I am an active member of a Reform congregation and know a lot of converts through that channel. In addition, I've taken some training (from CCAR/HUC) designed to prepare lay people to assist with common synagogue tasks ("para-rabbinic", of a sort), and this training included conversion assistance. (Note: lay people do not make decisions in that area; that's the prerogative of rabbis. But I've helped teach classes, for instance.)
The CCAR (Central Conference of American Rabbis, the governing body of Reform rabbis in North America) does not require that existing children convert along with the parent, but does require discussion of the matter. CCAR does require a commitment that future children will be raised Jewish. Some rabbis amend the required pledge to say "exclusively Jewish", though that's not in the CCAR guidelines for rabbis. According to the rabbi who taught my class, "exclusively" is clearly the intent, and goes with the commitment to have a Jewish home. (Note: it looks like the copy on that web site is missing embedded Hebrew. I have a paper copy.)
To quote from that document:
f. discuss with the prospective ger the religious status of any current children and if there is a necessity for them to be included in the process of exploring geirut.
When both parties are active participants in the process, issues of lack of partner's support, or outright opposition to can be discussed and solutions can be found far more effectively and far earlier in the process. [...]
1f. If the prospective ger has children the following questions should be asked and discussed: What is their status? Are they Jewish according to Orthodox halakhic standards? Are they Jewish by Reform standards? Are they not Jewish at all? If not, is it appropriate for them to become involved in the process of geirut, and if so, when? Should they participate with their parents or should these issues wait until their parent(s) are clearer about their own intentions?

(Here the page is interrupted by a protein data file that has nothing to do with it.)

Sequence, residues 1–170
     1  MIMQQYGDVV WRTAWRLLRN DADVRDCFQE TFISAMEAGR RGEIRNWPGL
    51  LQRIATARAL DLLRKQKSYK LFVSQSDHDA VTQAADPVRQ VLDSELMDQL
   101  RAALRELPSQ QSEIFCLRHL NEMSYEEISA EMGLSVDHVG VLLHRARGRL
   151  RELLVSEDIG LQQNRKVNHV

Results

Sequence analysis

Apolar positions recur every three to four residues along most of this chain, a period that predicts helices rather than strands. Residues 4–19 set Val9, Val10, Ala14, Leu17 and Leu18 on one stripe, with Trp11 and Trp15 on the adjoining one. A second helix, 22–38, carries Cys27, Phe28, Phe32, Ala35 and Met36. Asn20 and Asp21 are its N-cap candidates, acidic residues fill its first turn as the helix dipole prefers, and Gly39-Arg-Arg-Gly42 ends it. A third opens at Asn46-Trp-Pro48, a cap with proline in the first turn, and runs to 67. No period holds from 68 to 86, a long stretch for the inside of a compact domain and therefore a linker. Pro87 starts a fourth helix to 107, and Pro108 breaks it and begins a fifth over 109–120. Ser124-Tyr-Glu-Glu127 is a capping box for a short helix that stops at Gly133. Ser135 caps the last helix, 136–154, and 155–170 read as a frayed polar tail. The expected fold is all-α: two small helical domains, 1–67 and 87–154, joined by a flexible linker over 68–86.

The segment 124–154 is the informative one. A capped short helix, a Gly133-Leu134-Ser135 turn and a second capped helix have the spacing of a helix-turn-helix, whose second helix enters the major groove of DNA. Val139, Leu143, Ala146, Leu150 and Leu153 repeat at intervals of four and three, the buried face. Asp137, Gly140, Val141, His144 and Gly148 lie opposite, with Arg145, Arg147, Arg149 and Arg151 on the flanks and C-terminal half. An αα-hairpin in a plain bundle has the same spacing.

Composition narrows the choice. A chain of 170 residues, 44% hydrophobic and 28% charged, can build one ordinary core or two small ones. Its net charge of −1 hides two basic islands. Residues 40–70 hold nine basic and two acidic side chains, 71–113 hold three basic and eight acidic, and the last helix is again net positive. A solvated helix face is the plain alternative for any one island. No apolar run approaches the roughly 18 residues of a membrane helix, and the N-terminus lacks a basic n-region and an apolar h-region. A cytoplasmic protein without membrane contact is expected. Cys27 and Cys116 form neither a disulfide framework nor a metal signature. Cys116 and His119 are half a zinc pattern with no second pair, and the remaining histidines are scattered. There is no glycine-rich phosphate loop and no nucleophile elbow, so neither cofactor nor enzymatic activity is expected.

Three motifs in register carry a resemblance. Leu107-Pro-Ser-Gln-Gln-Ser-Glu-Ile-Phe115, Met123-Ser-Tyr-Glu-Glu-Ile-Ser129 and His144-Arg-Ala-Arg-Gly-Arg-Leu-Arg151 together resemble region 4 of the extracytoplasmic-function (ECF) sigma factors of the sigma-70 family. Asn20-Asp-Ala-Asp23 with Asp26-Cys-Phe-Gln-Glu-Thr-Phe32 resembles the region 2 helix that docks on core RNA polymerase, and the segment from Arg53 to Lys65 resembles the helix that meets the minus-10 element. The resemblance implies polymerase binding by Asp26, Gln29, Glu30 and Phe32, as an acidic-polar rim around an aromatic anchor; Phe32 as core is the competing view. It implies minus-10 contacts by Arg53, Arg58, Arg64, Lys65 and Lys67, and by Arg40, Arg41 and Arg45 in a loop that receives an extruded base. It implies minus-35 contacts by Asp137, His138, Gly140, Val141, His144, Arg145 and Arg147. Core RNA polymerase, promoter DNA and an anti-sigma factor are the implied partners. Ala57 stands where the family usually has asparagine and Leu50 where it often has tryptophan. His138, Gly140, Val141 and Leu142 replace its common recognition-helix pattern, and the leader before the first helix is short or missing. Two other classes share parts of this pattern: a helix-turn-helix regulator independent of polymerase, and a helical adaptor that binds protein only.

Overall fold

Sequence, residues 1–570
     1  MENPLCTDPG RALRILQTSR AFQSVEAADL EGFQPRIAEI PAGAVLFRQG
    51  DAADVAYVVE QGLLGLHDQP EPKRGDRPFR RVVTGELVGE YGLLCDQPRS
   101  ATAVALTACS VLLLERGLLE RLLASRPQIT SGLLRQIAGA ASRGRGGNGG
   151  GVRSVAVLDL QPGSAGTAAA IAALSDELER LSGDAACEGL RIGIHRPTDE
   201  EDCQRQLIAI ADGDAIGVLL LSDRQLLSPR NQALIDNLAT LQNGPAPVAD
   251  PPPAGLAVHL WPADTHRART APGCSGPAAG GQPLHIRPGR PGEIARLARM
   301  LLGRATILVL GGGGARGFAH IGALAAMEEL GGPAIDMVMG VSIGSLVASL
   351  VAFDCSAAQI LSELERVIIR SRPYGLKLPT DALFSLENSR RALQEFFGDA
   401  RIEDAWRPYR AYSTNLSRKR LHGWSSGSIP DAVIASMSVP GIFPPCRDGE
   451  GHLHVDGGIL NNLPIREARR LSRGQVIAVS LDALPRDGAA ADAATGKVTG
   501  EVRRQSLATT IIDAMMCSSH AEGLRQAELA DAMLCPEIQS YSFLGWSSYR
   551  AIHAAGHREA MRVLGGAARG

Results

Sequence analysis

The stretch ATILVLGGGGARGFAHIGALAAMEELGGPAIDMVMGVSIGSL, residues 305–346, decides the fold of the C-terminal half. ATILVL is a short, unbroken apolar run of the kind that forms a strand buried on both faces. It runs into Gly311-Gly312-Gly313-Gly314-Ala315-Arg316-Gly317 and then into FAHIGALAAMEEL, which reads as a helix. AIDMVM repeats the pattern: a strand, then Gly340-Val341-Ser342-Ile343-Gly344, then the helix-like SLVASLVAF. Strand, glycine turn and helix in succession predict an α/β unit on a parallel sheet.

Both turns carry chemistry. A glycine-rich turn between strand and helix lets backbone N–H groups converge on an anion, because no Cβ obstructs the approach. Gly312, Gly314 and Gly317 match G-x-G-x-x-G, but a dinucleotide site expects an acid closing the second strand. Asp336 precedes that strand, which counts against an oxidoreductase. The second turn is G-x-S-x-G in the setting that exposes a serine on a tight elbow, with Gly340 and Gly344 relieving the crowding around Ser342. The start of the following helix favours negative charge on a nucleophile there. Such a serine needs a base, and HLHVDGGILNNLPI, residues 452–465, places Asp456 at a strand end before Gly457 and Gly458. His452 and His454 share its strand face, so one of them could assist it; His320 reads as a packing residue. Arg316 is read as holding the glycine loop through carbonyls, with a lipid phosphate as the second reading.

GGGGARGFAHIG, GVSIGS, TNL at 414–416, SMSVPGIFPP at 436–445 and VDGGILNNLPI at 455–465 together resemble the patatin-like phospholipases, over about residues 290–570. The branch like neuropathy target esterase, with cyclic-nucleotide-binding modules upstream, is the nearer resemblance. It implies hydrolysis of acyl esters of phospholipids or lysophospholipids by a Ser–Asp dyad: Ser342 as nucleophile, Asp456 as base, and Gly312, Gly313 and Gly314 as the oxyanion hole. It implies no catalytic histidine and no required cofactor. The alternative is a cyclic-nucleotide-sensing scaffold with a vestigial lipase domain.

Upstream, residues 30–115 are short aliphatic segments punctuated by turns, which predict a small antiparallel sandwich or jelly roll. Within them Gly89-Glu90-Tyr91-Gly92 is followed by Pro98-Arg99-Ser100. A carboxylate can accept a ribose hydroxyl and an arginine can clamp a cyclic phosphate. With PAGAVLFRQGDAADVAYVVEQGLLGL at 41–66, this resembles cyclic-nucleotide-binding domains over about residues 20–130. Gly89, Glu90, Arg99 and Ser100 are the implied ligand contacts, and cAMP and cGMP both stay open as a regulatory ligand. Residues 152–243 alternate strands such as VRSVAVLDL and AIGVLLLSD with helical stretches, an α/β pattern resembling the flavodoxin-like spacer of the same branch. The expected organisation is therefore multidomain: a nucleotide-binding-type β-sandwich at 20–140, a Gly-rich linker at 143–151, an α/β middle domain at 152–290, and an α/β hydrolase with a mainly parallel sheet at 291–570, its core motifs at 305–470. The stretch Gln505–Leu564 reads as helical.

This leaves open the possibility that such children will not convert. I don't see any age-based discussion here; that seems to be left to rabbinic discretion. (I can imagine that a teen leaving for college soon might be treated differently than an infant in this regard.)
The requirement about future children is in the boxed text in the section called "readiness".
See also: CCAR Responsa: Conversion of a Young Child of a First Marriage:
In summary, we urge that a complete conversion take place for the young individual if it is agreeable to both parents, and then insist that the youngster be provided with a Jewish education.
This responsum cites Shulhan Arukh Yoreh Deah 468.7 for a child being able to reject a conversion at the age of bar/bat mitzvah.
As noted above, the CCAR is the North American rabbinic body, so it's possible that rabbis in other parts of the world follow different requirements. In practice, though, I've never heard anybody mention another Reform rabbinic body; I suspect policies elsewhere won't vary on this point.